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weak wireless signal


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#1
deppert1

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I just recently had time warner wireless network installed in my home
my signal is wek to good at most spots
my modem and router are in my basement I have two computers that I need to connect
if I move the router close to one of them I can get a strong signal on that computer but no signal or very weak on the other computer (both desktops)
My question is can I hardwire one of them to the modem if yes how?
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#2
hendaz

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The weak signal will most likely be because your wireless router is in the basement and so the signal range will be affect greatly. If you want to connect a computer wired rather than wireless then you would connect your computer to the router not the modem. I'm assuming your router has free ports on the back. So your configuration would be modem plugs into router and then the other computer connects to a spare port on the router as well. To do this you will need an Ethernet cable - probably a Cat 5e UTP cable.
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#3
amw_drizz

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just recently had time warner wireless network installed in my home
my signal is wek to good at most spots
my modem and router are in my basement I have two computers that I need to connect
if I move the router close to one of them I can get a strong signal on that computer but no signal or very weak on the other computer (both desktops)
My question is can I hardwire one of them to the modem if yes how?

Before I delve into the mater. You said you have a modem and router. Look on the back of the router if you have additional Ethernet ports. (Will look like the cable connecting the modem to the router) Then you are set. Now if you plan on tackling this your self then continue to read on. Otherwise still read it over and consider having an licensed electrician come out and do the actual install for you. Since most locals have building codes that prevent you from hiring anyone to do the type of work to do a proper installation, but they have loopholes to allow a DIY'er to do it themselves.

The hardest part of hard wiring them in is figuring out how you want it done. The best way and the cleanest way is make a hole in each wall and feed the network line in through the walls. Doing this would be the best way to do it, you won't see any cables on the floor and in the end it will look nicer. If you are uncomfortable to do it that way you can run the cables along the sides of the walls down to the router and call it a day that way. But then you have the cables running over the house.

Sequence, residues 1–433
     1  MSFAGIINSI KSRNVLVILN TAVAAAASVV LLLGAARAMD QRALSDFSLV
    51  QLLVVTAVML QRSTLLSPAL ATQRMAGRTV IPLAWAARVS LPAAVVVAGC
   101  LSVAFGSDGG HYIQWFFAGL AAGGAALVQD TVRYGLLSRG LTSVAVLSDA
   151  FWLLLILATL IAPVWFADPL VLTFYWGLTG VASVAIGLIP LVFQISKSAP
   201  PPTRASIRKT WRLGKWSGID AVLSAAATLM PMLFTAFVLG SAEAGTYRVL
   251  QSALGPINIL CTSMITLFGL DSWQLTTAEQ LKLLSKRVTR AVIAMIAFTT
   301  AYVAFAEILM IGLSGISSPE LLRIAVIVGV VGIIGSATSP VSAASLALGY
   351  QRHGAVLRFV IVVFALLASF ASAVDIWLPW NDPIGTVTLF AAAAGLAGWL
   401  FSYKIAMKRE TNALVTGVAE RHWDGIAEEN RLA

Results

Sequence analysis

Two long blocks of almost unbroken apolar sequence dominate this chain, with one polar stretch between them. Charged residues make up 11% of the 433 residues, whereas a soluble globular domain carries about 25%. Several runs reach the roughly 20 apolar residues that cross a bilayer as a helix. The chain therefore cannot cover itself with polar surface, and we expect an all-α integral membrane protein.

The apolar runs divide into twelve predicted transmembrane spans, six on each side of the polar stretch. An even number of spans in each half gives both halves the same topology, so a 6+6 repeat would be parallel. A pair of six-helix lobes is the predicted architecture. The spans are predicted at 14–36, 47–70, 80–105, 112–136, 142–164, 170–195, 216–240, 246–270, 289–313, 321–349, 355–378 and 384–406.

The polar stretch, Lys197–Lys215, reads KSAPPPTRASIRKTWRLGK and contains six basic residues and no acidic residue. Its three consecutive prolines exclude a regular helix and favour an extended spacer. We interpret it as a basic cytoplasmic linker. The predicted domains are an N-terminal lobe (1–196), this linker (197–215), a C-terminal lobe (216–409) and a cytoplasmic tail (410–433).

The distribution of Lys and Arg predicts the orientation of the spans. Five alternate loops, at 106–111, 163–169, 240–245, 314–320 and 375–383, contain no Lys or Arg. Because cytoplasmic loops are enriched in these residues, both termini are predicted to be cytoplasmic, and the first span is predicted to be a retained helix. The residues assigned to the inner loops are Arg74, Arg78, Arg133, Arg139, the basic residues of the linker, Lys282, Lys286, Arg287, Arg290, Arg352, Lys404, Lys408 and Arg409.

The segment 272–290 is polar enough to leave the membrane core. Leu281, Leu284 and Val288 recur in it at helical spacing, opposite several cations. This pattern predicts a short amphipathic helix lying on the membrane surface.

If both computers are on the first floor or the floor directly over the basement then you can get away with notching a hole in the floor in each room the computer is in and drop the line that way.

But depending on the network you wish to have either a CAT5E or CAT6 cable will do. IF you plan on using a 1gb+ network in the future then you will want CAT6 for full usability. Now keep in mind that Cat5E will handle it but remember that some cable manufactures say Cat5e but in reality it isn't.

Also remember any network cable be it Cat5E or Cat6 has a length limitation of 100 meters (about 300 ft). There are a few guides on how to crimp your own ends. and Most of the plugs for the wall use a punch down method. It is fairly easy to assemble. Give your self a good day if you've never done anything like this before to get it done right.

Last note, If you plan on running the network lines near major power junctions and you use UTP (Unshielded Twisted Pair) you will get EMI (electronic magnetic interference) which will degrade the line quality. So keep that in mind so you can try to avoid major power junctions when you are running the wires. Also remember that if you have to run cables near any major power junctions you may want to consider using STP (Shielded Twisted Pair), but it is more expensive and for it to work right the whole line needs to be STP for it to be effective.

Also, if your questioning on price. If you don't have the tools, then plan on it being about $100-200 for lines, ends, temrinal crimper, wall jacks, face plates, and jack boxes. If you have the terminal crimper knock $30-50 off of the price. If you go Cat5E make sure all the components are rated at Cat5E standards at least, Cat6 Components will work and are backward compatible with Cat5E components. But all Cat6 equipment will perform at Cat5E performance.


I hope I didn't confuse you more, but once you get the hang of it; it is quick and easy to install additional lines and add more hardware to expand the network in the future. Good luck and if you have anymore questions just ask, we are here to help. :)
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